When is an abortion not an abortion?
Opposition to Senate Bill 282, a bill to revise abortion laws, has created this question. The definition of abortion is “the termination of a pregnancy with the fetus and associated products of conception removed from the womb.” When one researches the definition throughout all medical and legal reference dictionaries, this definition is universal.
It is important to point out that the definition of abortion does not include “the willful or intentional killing of the life of the fetus.” In most instances of abortion, the death of the fetus, an unborn child, is a tragic effect of the termination of the pregnancy. Due to the amazing advances in neonatal medicine, present throughout Montana, the ability of the fetus to survive outside the womb has significantly improved. When a child is born prematurely at 24 weeks gestation, over 60 percent of fetuses with appropriate medical support are able survive to become healthy Montanans. It is federal law that once a fetus leaves the womb and is capable of surviving, that fetus receives full rights as a person without exception. As a result of the federal personhood law, the standard operating procedure at Planned Parenthood and other abortion providers is to intentionally kill the fetus prior to or during the abortive procedure when the fetus is 20 weeks or older. The dilemma of intentionally killing the fetus (feticide) is that it is significantly more dangerous to the woman having the late-term abortion. Late-term abortions in conjunction with feticide result in a risk of death to the mother of 76.6 deaths per 100,000 late term abortions. Late-term abortion where the fetus remains intact and there is no attempt to kill the fetus prior to or during termination of the pregnancy has a risk of death to the mother of 3.6 to 13 deaths per 100,000. The complication to this meaningfully safer late-term abortion technique is the possible live birth of the fetus if viable.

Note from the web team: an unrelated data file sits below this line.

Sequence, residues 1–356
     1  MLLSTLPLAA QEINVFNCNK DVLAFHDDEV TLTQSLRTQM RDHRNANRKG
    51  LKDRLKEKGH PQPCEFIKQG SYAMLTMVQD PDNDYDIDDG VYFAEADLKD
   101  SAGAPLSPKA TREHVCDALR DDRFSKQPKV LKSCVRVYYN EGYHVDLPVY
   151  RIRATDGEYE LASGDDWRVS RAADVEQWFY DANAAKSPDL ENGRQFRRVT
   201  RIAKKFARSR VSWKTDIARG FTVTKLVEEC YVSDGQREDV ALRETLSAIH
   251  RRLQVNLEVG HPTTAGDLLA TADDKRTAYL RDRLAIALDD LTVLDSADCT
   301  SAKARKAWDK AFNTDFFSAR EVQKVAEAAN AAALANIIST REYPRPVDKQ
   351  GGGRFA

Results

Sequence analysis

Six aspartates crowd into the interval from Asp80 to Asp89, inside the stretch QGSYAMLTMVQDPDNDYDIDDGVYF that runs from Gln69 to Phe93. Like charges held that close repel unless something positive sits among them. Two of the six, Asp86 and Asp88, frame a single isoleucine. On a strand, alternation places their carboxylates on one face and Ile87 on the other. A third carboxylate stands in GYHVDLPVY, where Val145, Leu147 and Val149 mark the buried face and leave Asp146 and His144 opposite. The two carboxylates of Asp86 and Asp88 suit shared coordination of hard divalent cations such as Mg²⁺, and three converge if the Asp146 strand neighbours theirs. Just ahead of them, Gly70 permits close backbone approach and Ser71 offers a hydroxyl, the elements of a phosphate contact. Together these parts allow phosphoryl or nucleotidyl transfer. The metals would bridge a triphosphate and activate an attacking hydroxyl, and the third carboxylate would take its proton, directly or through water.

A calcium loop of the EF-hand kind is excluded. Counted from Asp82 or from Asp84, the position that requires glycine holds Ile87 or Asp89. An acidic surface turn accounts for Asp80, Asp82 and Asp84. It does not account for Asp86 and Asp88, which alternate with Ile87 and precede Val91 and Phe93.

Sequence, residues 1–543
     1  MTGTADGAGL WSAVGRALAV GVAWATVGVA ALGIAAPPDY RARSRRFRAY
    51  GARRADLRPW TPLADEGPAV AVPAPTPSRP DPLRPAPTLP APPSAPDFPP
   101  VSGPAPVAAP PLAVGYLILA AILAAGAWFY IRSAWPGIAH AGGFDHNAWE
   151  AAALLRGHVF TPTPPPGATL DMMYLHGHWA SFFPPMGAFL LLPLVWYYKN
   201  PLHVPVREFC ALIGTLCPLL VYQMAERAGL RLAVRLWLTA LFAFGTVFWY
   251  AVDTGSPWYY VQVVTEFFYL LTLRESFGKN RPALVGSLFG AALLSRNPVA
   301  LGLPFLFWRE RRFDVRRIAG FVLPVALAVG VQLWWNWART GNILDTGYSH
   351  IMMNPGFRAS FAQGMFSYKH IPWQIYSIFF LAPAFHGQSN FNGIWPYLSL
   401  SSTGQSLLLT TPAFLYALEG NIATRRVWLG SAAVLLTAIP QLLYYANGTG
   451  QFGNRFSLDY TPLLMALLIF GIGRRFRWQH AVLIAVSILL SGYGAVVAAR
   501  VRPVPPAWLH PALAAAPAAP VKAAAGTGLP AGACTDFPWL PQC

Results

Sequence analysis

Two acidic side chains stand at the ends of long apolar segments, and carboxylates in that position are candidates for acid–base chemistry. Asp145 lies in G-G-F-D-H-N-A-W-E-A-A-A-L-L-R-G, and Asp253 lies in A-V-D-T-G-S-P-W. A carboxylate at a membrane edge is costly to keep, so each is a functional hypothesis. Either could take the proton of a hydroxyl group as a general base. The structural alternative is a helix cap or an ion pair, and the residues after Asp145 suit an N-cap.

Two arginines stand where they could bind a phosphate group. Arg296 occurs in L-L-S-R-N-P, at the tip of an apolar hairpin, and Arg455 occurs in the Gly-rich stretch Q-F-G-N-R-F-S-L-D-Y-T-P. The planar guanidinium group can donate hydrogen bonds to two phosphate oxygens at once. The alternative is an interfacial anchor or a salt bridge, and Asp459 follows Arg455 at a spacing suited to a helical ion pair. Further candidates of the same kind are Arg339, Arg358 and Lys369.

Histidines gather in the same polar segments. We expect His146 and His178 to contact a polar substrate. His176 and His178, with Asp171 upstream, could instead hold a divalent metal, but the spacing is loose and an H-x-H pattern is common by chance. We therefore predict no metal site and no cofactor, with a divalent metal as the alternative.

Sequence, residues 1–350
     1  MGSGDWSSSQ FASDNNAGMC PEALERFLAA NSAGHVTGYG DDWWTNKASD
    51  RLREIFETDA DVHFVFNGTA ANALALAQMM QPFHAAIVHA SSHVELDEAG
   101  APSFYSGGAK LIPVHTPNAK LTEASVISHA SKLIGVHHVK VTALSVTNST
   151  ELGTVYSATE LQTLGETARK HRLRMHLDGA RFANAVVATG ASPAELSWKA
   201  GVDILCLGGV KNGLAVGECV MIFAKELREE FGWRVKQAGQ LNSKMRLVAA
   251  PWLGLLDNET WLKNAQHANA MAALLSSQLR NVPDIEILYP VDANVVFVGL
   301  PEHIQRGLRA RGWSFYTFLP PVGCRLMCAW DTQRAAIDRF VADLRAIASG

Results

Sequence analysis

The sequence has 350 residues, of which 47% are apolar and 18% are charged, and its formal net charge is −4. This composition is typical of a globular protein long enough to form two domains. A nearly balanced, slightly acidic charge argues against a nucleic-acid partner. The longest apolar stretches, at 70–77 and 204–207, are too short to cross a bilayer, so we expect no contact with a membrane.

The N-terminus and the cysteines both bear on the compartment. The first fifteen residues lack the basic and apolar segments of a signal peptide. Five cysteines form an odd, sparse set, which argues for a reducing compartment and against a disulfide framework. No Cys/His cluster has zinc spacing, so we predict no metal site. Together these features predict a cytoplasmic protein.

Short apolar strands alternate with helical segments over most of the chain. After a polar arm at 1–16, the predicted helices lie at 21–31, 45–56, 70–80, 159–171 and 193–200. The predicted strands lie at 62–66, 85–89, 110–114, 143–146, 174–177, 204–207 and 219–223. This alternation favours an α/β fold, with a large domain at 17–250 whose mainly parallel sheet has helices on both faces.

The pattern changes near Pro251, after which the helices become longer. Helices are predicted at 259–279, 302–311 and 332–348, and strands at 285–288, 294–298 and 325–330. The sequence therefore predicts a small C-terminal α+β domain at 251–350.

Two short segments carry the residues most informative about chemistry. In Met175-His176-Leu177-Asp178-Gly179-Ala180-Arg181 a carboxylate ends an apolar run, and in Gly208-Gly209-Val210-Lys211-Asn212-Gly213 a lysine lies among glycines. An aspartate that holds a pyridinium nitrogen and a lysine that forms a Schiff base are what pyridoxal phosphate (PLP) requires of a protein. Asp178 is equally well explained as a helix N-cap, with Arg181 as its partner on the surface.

When a woman in late pregnancy confronts a medical issue that threatens her health or her life and she is advised that it is in her best interest to abort her pregnancy, does the physician offer that woman a late-term abortion that includes intentionally killing the fetus prior to or during the abortion? Or does the physician offer the woman the option of a late-term “intact abortion” without intentionally killing the fetus that is 500 to 2,000 percent safer for the life of the mother, but could result in the birth of a healthy pre-term child? If one believes that the intent of an abortion is as defined, one would choose the latter. If one has the opinion that the main intent of abortion is to intentionally cause the death of the fetus, the former procedure would be chosen. Montana law already states that performing a late-term abortion is a felony unless that late-term abortion is to protect the life of the mother.
Senate Bill 282, respects a woman’s right whose life is immediately threatened to terminate her pregnancy. Bill legislation codifies an easy to understand definition of when a fetus is viable. The legislation restricts a late-term abortion, when needed, to the two categories of intact abortion that are the safest techniques available in regards to a woman’s health. The significant safety improvement is due to the prohibition of feticide. The bill clarifies Montana law that a viable fetus that survives a late-term abortion will receive immediate resuscitation and obtain the personhood rights granted to them by our government. I believe this bill presents a paradigm shift. It does so because it reverses the pro-choice argument that the safest way to save a woman’s life in late pregnancy is to kill the unborn viable child as you terminate her pregnancy. My legislation acknowledges the constitutional protections granted to a woman who needs to terminate her late-term pregnancy to protect her health and life. However, my legislation asserts that there is no constitutional protection to intentionally kill the fetus once viable.
Albert Olszewski, a Kalispell physician, represents Senate District 6. He is a Republican.